Taxation about Property Purchase, Sale, and Inheritance

Italian fiscal aspects in the property purchase


When buying a property, one must consider the taxation involved in the purchase. The buyer is required to pay a registration tax of 2% (for the primary residence), instead of 9%, on the cadastral value of the property. Additionally, there are fixed charges of 50 euros each for the mortgage tax and cadastral tax in the case of purchasing a primary residence.

Let’s explore everything there is to know about taxes when buying a house, whether from a private seller, a company, also in case of a second home purchase.

How many and which taxes are paid for the purchase of a house?

To get an accurate picture and calculate the expenses for notary fees in the case of buying a house, it’s essential to be thorough and not forget anything. Overall, the taxes for buying a house include:

  • Registration tax
  • VAT
  • Cadastral tax
  • Mortgage tax
  • Stamp duty

However, to determine precisely which taxes are due for the purchase of a house, it’s necessary to analyze whether it is a first or second home purchase and whether it is purchased from a private seller or a company.

Registration tax and VAT

The taxes for buying a house involve paying a registration tax of 9% of the cadastral value of the property (in addition to the fixed cadastral and mortgage taxes, both requiring a payment of 50 euros each). However, in some cases, instead of the registration tax, VAT must be paid if the company that built the property completed the work within the last 5 years.

Moreover, VAT must be paid for the purchase of a house even if the property is classified as social housing (10% is calculated on the final price of the property). In these cases, the payment of the cadastral, mortgage, and registration taxes totaling 600 euros is also required.

Another scenario is when the purchased property is considered a luxury property. In this case, the taxes for buying a house will be 22% regarding VAT. Additionally, the payment of the mortgage tax of 90 euros and the stamp duty of 230 euros is required.

Taxation for buying the first home

The taxes for buying a first home involve different expenses, thanks to the so-called first home benefits. To benefit from them, specific requirements must be met:

  • The property belongs to certain cadastral categories (A/2, A/3, A/4, A/5, A/6, A/7, A/11).
  • The property is located in the municipality where the buyer resides, works, or intends to establish a residence.
  • The buyer does not own any other property.

Taxes for buying the first home from a private seller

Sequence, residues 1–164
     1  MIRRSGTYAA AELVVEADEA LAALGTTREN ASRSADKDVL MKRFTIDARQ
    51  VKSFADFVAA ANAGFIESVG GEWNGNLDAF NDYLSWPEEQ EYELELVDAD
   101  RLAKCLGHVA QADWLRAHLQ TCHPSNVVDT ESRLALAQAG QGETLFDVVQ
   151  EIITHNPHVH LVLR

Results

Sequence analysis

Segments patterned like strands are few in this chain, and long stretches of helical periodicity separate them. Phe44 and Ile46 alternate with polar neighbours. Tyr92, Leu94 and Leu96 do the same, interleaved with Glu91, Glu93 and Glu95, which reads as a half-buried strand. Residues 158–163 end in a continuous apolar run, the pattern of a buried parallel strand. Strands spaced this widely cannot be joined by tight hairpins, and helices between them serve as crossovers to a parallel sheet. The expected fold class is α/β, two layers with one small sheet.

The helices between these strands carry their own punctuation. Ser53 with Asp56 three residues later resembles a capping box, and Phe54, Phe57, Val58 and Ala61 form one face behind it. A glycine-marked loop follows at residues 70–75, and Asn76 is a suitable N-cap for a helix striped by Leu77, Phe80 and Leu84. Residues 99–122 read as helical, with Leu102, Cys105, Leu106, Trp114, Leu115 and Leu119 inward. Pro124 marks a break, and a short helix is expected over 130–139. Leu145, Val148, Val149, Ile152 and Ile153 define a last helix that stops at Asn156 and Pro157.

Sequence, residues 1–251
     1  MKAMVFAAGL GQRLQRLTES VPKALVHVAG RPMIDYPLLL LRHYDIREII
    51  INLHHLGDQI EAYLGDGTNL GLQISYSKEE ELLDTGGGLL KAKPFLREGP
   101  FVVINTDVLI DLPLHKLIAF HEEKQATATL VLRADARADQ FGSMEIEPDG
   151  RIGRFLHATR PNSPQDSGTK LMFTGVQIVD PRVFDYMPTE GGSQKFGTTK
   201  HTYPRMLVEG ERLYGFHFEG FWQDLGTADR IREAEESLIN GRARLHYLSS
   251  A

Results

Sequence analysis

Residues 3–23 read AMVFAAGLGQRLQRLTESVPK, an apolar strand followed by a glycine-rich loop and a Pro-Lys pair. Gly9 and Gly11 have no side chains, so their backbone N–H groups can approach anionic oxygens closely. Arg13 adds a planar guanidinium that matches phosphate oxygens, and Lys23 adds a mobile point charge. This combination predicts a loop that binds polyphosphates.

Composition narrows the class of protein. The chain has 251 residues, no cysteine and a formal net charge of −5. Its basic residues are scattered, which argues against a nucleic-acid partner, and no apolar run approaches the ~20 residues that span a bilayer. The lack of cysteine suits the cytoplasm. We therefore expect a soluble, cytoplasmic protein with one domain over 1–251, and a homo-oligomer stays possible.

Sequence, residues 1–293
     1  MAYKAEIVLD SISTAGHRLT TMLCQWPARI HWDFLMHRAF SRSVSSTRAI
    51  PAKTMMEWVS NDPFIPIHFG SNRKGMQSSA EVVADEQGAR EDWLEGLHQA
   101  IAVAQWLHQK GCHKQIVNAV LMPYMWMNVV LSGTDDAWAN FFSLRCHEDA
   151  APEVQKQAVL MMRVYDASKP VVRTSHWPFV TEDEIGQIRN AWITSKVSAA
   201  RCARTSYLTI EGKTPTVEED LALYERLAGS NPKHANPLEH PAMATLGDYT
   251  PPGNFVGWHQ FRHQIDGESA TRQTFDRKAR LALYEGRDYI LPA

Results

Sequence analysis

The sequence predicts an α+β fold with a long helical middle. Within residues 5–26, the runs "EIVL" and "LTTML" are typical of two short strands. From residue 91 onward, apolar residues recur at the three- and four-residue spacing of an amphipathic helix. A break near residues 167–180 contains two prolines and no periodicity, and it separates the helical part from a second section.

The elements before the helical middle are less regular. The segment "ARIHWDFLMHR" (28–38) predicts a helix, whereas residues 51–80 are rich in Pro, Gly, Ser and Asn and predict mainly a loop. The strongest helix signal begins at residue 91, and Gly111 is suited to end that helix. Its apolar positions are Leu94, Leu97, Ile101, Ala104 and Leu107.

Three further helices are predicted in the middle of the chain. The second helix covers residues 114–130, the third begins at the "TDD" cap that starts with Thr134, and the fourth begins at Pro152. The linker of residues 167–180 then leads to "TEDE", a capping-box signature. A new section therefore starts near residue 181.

The taxation for buying a first home, if the seller is a private individual or a company selling without VAT, include:

  • Proportional registration tax at a rate of 2% (instead of 9%)
  • Fixed mortgage tax of 50 euros
  • Fixed cadastral tax of 50 euros
  • Taxes for buying the first home from a company

The taxes for buying a first home, if the seller is a company subject to VAT, include:

  • Reduced VAT at 4%
  • Fixed registration tax of 200 euros
  • Fixed mortgage tax of 200 euros
  • Fixed cadastral tax of 200 euros

Taxation for buying a second home

In the case of buying a second home, in addition to the taxes for the property buyer (registration, mortgage, and cadastral taxes), an additional tax for property maintenance is required, as property owners are also obligated to pay the IMU (Property Tax).

Price-value system: when it applies

In detail, the price-value system applies when the purchase of a home is subject to proportional registration tax, and the buyer is an individual (not engaged in commercial, artistic, or professional activities). It can also be applied in the absence of first-home benefits.

The price-value system can be used in property transactions where both parties are private individuals, as well as when an individual purchases a property from sellers not subject to VAT (such as associations, foundations, and similar entities). The same applies to transfers, always to individuals, from companies or businesses under VAT exemption.

Registration tax, how is it calculated?

In light of the explanation, let’s provide a practical example to understand how registration tax is calculated. Consider the case of purchasing a residential property for 200.000 euros with a cadastral income of 900 euros. Using the price-value system, the taxable base for applying the 9% registration tax is calculated as follows: 900 x 1.05 x 120 = 113.400 euros.

Therefore, the registration tax due would amount to 10.206 euros (113.400 x 9%). If the “price-value” rule were not applied, the tax calculation would have to consider the agreed-upon value (200.000 euros) and would be 18.000 euros (200.000 x 9%).